McClellan "has been a leading voice on the important role that health information technology and management systems can have in transforming the delivery of healthcare in the United States," said Tom Leary, director of federal affairs for the Healthcare Information and Management Systems Society.
McClellan, a physician and economist, announced his resignation Tuesday. He will leave his post by early October, he said.
Scott Wallace, president and CEO of the National Alliance for Health Information Technology credited McClellan for “getting the C-suite focused on healthcare IT – more than anyone else there.” A pay-for-performance pilot is among the IT highlights of McClellan’s two-year tenure at CMS, Wallace noted.
“Absolutely, he’s an HIT champion -– not on infrastructure, but on applications,” Wallace said.
Leary, too, commended McClellan for keeping healthcare IT on the front burner.
“During his tenure as administrator, CMS has taken a very practical approach to ensuring initiatives and regulatory reform are part of an overall strategy to have HIT available where care is provided, whether the setting is the local hospital or provider’s office,” Leary said.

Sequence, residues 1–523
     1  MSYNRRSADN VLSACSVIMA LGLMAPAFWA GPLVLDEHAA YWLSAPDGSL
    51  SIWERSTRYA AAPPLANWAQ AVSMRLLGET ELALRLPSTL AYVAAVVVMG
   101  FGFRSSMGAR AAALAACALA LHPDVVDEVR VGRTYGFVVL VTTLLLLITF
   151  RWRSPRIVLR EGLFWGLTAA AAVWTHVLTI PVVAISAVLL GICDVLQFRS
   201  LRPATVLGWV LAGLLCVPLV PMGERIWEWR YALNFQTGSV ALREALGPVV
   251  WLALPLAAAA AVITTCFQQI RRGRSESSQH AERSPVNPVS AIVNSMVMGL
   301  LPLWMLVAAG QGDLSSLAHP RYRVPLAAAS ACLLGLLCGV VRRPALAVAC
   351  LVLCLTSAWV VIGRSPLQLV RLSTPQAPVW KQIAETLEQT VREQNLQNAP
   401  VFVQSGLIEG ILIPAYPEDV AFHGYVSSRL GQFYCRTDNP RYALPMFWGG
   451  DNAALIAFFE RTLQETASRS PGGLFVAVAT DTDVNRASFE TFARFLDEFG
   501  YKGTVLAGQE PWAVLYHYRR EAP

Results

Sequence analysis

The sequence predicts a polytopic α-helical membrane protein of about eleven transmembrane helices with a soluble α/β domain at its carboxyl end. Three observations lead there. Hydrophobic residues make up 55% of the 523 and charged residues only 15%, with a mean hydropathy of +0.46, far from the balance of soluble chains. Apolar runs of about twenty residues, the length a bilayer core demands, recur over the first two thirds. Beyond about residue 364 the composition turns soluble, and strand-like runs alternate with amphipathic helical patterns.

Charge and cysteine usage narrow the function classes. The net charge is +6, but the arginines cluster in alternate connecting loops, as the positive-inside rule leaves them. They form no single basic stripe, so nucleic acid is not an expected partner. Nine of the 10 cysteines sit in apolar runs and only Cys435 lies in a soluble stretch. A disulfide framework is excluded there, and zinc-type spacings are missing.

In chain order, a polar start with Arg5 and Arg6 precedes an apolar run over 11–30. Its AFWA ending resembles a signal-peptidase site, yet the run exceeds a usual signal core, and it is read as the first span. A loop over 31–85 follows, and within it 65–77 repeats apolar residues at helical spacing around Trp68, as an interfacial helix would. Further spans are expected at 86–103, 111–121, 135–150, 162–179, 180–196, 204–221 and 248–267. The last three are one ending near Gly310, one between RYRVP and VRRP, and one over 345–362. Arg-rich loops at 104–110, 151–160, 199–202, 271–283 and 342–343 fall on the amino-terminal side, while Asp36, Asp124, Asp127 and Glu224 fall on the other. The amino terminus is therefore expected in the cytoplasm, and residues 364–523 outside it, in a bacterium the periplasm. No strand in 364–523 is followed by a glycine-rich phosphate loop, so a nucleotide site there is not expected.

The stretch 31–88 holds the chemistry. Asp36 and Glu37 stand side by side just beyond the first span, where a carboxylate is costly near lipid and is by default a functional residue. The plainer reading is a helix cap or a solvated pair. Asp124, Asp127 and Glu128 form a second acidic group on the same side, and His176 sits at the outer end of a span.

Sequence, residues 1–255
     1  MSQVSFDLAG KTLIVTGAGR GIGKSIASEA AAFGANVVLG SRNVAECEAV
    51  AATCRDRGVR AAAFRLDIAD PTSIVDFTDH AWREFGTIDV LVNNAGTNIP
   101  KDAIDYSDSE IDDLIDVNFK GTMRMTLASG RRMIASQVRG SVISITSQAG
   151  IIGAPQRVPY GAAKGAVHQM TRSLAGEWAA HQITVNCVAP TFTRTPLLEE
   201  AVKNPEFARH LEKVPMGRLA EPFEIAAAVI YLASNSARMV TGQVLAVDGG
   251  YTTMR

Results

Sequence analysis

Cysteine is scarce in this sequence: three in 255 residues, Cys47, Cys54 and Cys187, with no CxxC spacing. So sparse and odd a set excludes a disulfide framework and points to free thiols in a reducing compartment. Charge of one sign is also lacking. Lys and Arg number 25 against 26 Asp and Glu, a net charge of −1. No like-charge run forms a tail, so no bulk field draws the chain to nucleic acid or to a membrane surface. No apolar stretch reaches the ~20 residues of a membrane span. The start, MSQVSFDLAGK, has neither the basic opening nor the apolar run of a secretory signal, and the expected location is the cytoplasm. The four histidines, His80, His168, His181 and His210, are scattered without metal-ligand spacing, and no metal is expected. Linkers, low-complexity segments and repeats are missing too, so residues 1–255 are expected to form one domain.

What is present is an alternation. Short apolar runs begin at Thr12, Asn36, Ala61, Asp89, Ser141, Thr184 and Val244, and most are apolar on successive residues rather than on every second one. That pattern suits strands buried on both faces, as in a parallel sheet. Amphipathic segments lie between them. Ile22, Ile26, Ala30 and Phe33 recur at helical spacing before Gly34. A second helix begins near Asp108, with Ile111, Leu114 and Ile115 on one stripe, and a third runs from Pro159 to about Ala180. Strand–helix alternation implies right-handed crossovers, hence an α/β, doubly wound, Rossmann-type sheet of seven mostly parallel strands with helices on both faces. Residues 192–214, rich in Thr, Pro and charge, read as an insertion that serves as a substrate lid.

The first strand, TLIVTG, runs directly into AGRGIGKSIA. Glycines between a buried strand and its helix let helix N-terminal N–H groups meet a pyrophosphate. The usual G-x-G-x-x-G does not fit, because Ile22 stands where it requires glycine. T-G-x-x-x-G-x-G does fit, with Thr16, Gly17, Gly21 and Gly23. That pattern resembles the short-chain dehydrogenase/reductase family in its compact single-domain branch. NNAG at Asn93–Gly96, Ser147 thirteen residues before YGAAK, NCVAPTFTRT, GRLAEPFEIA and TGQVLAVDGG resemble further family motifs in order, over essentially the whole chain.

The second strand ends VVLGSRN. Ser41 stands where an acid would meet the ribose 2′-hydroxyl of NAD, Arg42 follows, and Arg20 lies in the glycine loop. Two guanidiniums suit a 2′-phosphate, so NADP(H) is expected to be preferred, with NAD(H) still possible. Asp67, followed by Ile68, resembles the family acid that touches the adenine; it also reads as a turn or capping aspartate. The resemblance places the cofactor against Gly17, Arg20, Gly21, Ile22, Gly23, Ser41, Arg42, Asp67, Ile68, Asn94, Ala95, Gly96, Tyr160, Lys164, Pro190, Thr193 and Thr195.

McClellan’s IT focus has been in sync with the American Medical Group Association, which represents multi-specialty medical practices.
“Dr. McClellan is a champion of HIT adoption and value-based purchasing, two polices already championed by multi-specialty medical groups and integrated delivery systems,” said Donald W. Fisher, president and CEO of the association. “A vast majority of AMGA members have already adopted sophisticated HIT systems, including EMRs and patients registries, and are seeing the value of these technologies. And, given the integrated nature of multi-specialty medical groups, including their use of allied health professionals, they are in a good position to thrive in a value-based purchasing environment.”
Leary described McClellan’s leadership as “visionary.” He credited McClellan for stimulating policy change through the pay-for-performance pilot program, Stark Physician Self-Referral reform, and a Doctor's Office Quality-IT program that laid the groundwork for improving the quality and efficiency of healthcare delivery in the United States.